See also Monoclonal Gammopathies

I. Epidemiology and pathophysiology
  1. A malignancy of plasma cells;the most common primary cancer of bone
  2. As of 2010, 5-year survival is 68%and 10y survival is 55.3%  in pts diagnosed at < 45yo; lower in older patients
  3. Risk factors
    1. Incidence increases with age; Median age at diagnosis = 70y
    2. Men > women
    3. African ancestry is a risk factor (RR about 2 compared with individuals of European ancestry); Rare in Asians
    4. Rheumatoid arthritis
    5. Obesity
    6. Exposure to ionizing radiation
    7. Benzene exposure
    8. Certain pesticides

II. Clinical and laboratory features
  1. "M" protein spike on serum and urine protein electrophoresis
    1. Present in SPEP and UPEP in 82% and 75% of patients with MM, respectively
    2. Immunofixation and free light chain assay can increase sensitivity
    3. 1-2% of MM patients have "nonsecretory" myeloma that does not produce a spike.
    4. Not 100% specific-Can have an "M" spike without MM, e.g. monoclonal gammopathy of undetermined significance ("MGUS"), which is generally considered to be a premalignant condition and converts to myeloma at about 1%/yr
  2. Classification
    1. Monoclonal Gammopathy of Uncertain Significance (see above) = "M" protein < 3g/dL, < 10% clonal plasma cells in bone marrow, and no end-organ damage
    2. "Asymptomatic" MM = "M" protein of 3g/dL or greater, 10% of greater clonal plasma cells in bone marrow, but no end-organ damage
    3. "Symptomatic" MM = "M" protein of 3g/dL or greater, clonal plasma cells on bone marrow biopsy, and end-organ damage
      1. 40% of patients with the latter two criteria have "M" protein of < 3g/dL; 20% will have < 1g/dL
      2. 5% of patients with the first and last criteria have < 10% clonal plasma cells on bone marrow biopsy
  3. End-organ damage in MM-"CRAB" mnemonic (calcium, renal, anemia, bone)
    1. Hypercalcemia (usually > 1mg/dL over normal)-Present in 15-20% of pts at time of diagnosis
    2. Renal impairment (serum Cr usually > 2.0g/dL), resulting from light chain deposition in kidney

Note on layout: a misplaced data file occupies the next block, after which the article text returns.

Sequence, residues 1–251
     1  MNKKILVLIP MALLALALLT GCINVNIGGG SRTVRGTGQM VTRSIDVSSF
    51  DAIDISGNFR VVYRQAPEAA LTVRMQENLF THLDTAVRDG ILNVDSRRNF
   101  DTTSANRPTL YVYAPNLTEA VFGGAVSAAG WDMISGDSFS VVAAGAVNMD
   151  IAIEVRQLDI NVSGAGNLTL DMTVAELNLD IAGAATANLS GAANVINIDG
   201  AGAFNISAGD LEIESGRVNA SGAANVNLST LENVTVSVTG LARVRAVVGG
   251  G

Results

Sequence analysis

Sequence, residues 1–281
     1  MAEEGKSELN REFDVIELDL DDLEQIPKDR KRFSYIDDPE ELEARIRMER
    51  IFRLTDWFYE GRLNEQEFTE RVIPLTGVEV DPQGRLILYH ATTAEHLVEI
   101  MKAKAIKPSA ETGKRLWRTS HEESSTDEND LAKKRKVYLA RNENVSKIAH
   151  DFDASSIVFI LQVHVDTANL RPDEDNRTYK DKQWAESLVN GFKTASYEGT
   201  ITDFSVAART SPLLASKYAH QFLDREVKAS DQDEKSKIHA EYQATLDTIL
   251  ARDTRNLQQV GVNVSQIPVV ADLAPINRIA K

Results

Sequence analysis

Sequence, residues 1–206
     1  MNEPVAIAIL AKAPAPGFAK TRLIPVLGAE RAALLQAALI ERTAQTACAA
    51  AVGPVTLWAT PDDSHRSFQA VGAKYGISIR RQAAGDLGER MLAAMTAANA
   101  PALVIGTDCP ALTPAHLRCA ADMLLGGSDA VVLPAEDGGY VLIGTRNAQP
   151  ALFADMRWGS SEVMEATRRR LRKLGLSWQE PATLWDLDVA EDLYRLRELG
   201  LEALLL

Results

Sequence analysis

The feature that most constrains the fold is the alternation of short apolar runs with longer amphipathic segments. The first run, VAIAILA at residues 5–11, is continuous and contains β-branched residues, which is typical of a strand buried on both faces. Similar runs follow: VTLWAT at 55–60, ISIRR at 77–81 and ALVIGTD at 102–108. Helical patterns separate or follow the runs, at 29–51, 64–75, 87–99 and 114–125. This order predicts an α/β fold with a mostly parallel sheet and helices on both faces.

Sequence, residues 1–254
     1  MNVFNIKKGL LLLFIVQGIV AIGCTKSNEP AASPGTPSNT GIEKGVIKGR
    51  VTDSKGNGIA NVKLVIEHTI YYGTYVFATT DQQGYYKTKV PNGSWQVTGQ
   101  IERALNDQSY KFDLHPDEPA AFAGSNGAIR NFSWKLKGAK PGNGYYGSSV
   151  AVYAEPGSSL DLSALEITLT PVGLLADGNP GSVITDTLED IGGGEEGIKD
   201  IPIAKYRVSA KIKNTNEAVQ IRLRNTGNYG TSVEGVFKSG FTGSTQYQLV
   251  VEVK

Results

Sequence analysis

3. Anemia (Hb > 2g/dL below lower limit of normal)-Seen in about 65% of patients; typically normocytic and normochromic
    4. Bone involvement: Lytic lesions, osteoporosis, and fracture-Seen on 80% of pts at time of diagnosis
    5. Other clinical manifestations: Hyperviscosity syndrome, systemic amyloidosis, recurrent bacterial infections
II. Management
  1. Treatment generally considered to be indicated only for symptomatic MM, not asymptomatic MM or MGUS
  2. Treatment for symptomatic MM
    1. If < 65yo, autologous stem cell transplantation is considered treatment of choice (median survival 68mos)
    2. Alternatives include (prednisone + melphalan) +/- thalidomide
    3. Relapse after treamtent is common and is sometimes treated with (bortezomib, thalidomide, and lenalidomide)
  3. For patients with asymtpomatic MM or MGUS
    1. Teatment may not improve outcomes and may increase risk for acute leukemia
    2. Should check renal function and serum calcium Q3-4mos
III. Waldenstrom's macroglobulinemia
  1. Caused by uncontrolled proliferation of lymphocytes and plasma cells, which produce IgM proteins with kappa light chains
  2. Mean age at diagnosis is 65 years. 
  3. Clinical features:
    1. Symptoms: Weakness, fatigue, weight loss, bleeding, and recurrent infections
    2. Px: Pallor, hepatosplenomegaly, and lymphadenopathy.
    3. Lab: Moderate anemia and monoclonal IgM peaks on serum electrophoresis. Bence-Jones protein seen in 80% of cases in contrast with MGUS where it is typically absent
    4. Lytic bone lesions not seen (in constrast to multiple myeloma)
    5. Bone marrow biopsy reveals mostly lymphocytes
(Sources include Core Content Review of Family Medicine, 2012)